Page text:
Our discussion on machine intelligence spanned short term opportunities and long term disaster scenarios. Some of the points we discussed are included below.
Intelligence is not only defined by the speed with which answers are determined, but also the quality, scope, and nature of the cognitive skills.
The application of machine intelligence to every industry is a hot theme across organizations of all types. The sudden adoption of it may not be realistic however due to limits on technological capability and human acceptance. Technology will improve over time, but will psychological barriers (e.g. how could a computer drive my car?)? Are younger generations who have grown up around technology more welcoming? Are there certain fields (e.g. political decision making) that we would never want a machine doing?
Companies have tried testing customer appetite for machines in low fidelity ways such as having a human do the processing behind the backdrop of an 'intelligent machine.' Beyond being an efficient way to test a concept before deploying resources to build a product, it also helps collect data that can be used to train the machine and develop data sets.
In charting the adoption of machines, we have moved from human-only to more machine-assisted / human-assisted approaches. For example, a plane is in large part auto-piloted with humans there to assist where necessary. Will this shift to purely machines eventually? Will we accept this? How do we accept this? Will someone have to prove that the error rate for machine-only approaches is lower than machine+human? How does one actually conduct that test?
Another axis to evaluate adoption is based on complexity and harm. High volume tasks that are low risks seem ideal to tackle first. High volume allows for sufficient machine training, and low risk implies that machine errors have minor consequences. Scheduling meetings and booking travel are examples of applications that meet these criteria.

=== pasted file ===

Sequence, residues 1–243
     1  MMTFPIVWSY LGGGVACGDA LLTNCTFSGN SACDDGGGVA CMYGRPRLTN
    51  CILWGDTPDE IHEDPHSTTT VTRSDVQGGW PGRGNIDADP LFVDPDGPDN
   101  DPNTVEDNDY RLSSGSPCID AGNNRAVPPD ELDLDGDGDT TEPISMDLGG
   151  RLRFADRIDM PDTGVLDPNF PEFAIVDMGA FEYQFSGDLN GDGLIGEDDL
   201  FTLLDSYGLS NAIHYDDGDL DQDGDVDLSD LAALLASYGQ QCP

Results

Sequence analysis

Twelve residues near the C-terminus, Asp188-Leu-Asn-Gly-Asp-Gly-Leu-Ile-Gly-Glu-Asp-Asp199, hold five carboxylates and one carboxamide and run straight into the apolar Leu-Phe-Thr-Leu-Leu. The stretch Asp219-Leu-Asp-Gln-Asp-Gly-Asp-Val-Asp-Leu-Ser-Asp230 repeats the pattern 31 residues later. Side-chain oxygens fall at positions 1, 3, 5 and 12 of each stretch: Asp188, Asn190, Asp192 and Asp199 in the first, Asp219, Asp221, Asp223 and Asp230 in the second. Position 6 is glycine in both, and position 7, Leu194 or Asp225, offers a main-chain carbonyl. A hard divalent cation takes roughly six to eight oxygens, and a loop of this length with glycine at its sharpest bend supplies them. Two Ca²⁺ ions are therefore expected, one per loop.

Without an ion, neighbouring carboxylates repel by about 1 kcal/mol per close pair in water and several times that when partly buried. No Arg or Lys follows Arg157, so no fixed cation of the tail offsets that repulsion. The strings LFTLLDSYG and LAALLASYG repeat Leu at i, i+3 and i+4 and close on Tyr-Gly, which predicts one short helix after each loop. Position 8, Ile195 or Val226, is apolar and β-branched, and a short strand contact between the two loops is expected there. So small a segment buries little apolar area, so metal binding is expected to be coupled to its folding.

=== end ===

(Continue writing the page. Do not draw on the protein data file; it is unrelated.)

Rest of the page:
Existing approaches seem to be very narrowly defined, with programs applied to small micro tasks (e.g. travel booking, calendar planning, etc.). These are difficult to build comprehensively, and so there is likely going to be a growth in companies offering one-task solutions. Eventually it will be difficult for a consumer to manage these separately, and “dispatcher” layers (e.g. command centers like Siri) will be built on top.
Talent will be distributed across small startups, large tech companies, in academia, etc. Big companies do have advantages here, including ability to poach and pay top talent, willingness to fund research, access to necessary data sets, competition and a business need to develop machine intelligent solutions, etc. Big companies are likely to be hot spots for this activity, and they are trigger happy on acquiring new companies in the space ('acquihire'). As an investor in one of these startups, you may determine whether to accept or reject the offer based on the standalone prospects of the startup (e.g. can and are they making money?).
From where will general intelligence come? Will it be from a team that is working on cracking general intelligence? Could we accidentally come across the discovery? Imagine someone were building an intelligent machine for an application in agriculture, for example. Could his machine unexpectedly be an expression of general intelligence? Perhaps the elements required to unlock this are not all that far off from where we are, in other words.
Intelligence is not just about the 'thinking' or 'brain' aspects. It requires sensing and learning. It requires the 'body' as well.
Machines and machine intelligence will replace jobs? Will those jobs be replaced? If so, with what? If not, what are the consequences? What does automation and machine intelligence imply for the nature of work? Free time? Social life? Family dynamics?
Long(er) term outlook: Are the threats of superintelligence fact or fiction? There is no consensus about the end state but many concerns are valid and should be openly discussed. Machine intelligence is currently limited to niche applications, but as it develops into general expressions of intelligence, the rate of its development will skyrocket and almost immediately become superintelligent. While machine intelligence promises the hope of cracking the code on difficult problems we need solving, computer programs with great intelligence may dangerously consume resources when solving problems. Will machine intelligence necessarily evolve exponentially? Are we ignoring the fact that the difficulty in 'unlocking' the next step of innovation also rises over time.